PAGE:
Basically a member of any tribe could marry any other tribe; tribal identity is passed through the father. If Susan, an Asher-ite, marries Bob, a Levite, their children are Levites. (You'd probably still identify Susan herself as being from the tribe of Asher, but it doesn't affect that much. E.g. we're told that Samson's father was from Dan, but his mother from Judah.)
This is still relevant today as some Jews have special status as Levites, and a subset of them are Kohens. Some think it's more prestigious for a kohen to marry a woman from a kohen family, but this is clearly not required. (The Talmud says the kohen gadol -- high priest -- could just as easily have a non-kohen mother.) Marriages between Levites and non-Levites happen all the time. (The average non-Levite today is most likely descended from Judah, given the population numbers, but it's kind of moot.)
The portions of ancestral lands were parceled out in big chunks to each tribe. That means you'd have, eh, let's call it 1000 acres, each acre belonging to one member of the tribe Zebulon. If Joe Zebulon dies and leaves only a daughter, she inherits that acre; if that daughter marries Bob the Reubenite, then their (Reubenite) children will inherit that acre. That means you could have one "Reubenite" property in the middle of a giant block of Zebulonite properties. Not a big deal.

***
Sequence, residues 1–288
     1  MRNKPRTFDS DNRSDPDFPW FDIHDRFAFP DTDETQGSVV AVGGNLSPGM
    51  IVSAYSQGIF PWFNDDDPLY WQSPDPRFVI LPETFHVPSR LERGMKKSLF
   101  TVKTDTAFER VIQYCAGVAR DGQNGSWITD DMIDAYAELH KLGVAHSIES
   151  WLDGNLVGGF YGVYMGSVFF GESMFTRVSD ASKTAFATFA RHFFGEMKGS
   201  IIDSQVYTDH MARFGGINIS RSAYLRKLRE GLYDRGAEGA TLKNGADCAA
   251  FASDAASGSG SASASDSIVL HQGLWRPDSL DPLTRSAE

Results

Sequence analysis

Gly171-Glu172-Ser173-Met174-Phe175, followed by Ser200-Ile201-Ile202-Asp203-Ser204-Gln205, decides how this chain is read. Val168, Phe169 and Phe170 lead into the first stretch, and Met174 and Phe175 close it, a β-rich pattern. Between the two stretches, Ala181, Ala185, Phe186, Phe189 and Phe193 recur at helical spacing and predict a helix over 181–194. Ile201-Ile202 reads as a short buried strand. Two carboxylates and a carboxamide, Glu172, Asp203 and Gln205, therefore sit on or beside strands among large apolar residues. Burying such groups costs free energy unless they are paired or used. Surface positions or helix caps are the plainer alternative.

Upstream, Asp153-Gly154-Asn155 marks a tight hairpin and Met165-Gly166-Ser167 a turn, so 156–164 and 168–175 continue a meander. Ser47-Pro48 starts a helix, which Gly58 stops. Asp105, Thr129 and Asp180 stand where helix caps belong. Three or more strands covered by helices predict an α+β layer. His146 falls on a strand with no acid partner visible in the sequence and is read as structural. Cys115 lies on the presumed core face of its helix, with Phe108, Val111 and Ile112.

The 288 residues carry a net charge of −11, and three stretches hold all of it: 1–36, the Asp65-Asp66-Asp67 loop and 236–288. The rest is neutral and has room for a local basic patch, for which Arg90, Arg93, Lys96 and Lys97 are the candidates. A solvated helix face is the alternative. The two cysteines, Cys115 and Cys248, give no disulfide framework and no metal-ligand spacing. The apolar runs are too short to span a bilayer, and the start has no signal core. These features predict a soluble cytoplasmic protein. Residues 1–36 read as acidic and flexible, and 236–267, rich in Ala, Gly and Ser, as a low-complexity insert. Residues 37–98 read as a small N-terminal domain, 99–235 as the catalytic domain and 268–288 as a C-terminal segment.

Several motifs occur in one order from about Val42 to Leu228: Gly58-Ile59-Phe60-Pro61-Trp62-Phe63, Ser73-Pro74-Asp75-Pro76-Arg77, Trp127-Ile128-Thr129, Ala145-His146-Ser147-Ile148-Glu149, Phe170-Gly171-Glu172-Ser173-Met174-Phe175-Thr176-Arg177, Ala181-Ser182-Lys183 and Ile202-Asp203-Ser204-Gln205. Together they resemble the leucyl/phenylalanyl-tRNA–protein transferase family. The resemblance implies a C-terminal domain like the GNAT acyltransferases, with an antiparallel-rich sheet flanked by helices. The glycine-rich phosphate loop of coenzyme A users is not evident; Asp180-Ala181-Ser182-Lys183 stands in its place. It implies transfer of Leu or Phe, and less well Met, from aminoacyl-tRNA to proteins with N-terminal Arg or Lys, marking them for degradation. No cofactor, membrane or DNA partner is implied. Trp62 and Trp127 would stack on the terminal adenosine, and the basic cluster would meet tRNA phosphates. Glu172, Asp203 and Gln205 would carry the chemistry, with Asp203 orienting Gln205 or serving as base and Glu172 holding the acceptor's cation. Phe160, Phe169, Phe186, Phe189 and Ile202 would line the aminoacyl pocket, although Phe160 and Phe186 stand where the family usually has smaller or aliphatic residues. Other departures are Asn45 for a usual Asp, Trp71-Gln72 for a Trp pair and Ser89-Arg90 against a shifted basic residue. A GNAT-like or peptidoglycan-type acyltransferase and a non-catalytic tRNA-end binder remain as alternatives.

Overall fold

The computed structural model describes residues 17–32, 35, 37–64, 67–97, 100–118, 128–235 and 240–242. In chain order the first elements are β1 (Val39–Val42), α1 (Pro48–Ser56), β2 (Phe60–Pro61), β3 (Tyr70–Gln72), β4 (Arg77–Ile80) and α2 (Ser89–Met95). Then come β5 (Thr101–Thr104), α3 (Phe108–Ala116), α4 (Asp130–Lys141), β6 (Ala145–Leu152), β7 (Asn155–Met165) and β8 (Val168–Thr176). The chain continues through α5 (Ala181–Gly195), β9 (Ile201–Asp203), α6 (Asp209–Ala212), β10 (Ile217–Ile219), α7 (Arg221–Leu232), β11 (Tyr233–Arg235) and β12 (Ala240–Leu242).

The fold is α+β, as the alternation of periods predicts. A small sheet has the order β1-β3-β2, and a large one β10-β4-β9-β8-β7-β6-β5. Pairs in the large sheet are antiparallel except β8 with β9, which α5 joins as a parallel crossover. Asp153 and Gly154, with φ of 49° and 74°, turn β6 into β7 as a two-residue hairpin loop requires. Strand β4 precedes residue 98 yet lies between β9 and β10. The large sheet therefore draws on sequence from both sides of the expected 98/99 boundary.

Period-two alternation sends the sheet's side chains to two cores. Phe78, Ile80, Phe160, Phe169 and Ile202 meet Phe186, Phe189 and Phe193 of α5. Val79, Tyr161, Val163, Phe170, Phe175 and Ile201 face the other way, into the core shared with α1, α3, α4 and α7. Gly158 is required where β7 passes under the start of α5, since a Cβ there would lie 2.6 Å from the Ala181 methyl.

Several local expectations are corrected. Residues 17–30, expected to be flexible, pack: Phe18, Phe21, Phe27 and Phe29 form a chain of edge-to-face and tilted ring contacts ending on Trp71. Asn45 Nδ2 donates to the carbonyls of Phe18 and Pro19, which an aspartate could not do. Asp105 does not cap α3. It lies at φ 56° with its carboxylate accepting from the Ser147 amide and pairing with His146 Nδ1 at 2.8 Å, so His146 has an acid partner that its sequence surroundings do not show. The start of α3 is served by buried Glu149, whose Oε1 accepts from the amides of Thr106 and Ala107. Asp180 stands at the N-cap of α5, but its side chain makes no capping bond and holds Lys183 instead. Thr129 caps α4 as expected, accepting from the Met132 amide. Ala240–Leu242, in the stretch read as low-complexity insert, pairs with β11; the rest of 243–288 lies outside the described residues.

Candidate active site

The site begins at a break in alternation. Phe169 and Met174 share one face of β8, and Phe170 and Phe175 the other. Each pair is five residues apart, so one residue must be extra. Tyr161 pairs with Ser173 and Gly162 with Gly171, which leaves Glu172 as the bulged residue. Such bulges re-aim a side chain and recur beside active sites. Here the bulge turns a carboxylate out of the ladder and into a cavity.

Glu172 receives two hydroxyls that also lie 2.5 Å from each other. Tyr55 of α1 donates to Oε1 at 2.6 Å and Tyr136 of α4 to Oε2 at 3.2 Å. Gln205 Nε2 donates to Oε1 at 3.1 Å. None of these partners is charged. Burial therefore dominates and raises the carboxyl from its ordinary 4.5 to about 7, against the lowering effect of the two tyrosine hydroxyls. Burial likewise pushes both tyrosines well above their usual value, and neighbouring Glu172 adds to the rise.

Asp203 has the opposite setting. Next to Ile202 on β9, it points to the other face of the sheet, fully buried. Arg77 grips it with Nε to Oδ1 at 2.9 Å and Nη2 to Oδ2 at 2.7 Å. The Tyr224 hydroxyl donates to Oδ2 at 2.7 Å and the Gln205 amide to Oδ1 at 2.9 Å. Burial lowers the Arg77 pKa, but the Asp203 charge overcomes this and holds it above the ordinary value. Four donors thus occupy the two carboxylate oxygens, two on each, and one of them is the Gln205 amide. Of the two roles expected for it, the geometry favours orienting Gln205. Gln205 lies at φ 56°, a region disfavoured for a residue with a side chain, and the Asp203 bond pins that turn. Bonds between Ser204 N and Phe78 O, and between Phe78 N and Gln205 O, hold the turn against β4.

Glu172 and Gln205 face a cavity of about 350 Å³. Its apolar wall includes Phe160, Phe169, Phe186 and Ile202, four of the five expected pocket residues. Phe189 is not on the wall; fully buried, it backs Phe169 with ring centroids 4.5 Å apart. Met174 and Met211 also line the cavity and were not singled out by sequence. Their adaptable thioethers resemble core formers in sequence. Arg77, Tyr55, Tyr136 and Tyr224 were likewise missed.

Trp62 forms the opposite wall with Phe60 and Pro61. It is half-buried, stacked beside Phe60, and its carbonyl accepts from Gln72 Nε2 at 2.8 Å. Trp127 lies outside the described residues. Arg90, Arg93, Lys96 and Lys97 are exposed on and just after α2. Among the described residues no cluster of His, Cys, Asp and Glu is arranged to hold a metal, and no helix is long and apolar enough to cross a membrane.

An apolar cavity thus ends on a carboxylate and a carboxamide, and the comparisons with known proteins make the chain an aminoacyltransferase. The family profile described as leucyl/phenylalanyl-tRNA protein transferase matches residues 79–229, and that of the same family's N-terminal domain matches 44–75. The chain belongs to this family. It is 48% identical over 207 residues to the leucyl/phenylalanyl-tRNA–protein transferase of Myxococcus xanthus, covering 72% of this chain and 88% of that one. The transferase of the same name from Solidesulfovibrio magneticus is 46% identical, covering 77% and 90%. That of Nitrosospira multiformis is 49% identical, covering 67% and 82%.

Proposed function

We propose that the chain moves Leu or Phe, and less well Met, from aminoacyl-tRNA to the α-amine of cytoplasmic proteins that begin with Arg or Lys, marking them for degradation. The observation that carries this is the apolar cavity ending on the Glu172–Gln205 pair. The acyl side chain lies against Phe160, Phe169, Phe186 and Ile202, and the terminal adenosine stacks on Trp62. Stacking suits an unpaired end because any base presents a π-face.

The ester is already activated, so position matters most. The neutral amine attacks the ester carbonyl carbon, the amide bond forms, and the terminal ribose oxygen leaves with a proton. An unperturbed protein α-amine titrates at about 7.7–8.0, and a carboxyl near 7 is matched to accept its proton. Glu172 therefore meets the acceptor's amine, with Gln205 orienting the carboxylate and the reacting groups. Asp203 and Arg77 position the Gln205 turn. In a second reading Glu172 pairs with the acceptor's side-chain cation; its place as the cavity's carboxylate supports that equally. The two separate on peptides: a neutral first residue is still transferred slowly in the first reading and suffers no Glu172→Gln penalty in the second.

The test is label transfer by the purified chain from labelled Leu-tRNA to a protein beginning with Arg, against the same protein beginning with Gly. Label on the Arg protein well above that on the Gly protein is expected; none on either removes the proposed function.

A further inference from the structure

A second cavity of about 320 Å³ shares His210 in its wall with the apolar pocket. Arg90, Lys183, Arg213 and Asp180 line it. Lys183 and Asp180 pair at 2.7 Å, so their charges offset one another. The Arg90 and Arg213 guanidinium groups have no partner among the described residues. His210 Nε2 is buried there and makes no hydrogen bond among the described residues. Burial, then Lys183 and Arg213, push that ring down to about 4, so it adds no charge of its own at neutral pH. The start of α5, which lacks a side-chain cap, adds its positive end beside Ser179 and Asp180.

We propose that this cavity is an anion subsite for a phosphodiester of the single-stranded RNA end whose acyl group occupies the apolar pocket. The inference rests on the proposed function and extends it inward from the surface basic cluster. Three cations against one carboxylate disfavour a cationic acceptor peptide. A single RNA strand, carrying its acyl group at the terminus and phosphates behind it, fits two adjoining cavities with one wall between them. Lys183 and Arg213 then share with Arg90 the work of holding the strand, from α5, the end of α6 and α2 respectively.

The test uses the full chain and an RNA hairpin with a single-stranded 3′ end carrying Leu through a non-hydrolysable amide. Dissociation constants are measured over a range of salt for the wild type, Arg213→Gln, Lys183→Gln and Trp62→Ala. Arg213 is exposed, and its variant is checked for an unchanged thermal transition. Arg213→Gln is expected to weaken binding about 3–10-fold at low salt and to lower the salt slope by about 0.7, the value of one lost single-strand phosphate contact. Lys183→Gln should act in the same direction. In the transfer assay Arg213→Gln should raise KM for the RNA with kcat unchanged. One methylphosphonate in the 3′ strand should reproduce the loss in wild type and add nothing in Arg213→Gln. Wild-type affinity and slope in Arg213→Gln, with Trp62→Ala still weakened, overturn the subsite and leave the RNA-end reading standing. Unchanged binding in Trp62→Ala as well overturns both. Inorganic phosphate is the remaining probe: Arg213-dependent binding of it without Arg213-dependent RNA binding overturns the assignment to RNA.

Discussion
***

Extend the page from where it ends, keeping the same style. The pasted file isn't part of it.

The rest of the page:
The last chapter of the book of Numbers actually addresses this situation; the first generation entering Israel had a tricky legal status as they were trying to map to the population one generation prior (i.e. those who exited Egypt); therefore female heiresses then had to marry within their tribe. The Talmud (Bava Bathra 120-121) makes it clear that this was a temporary restriction on that generation -- once the land was parceled out, it could change hands.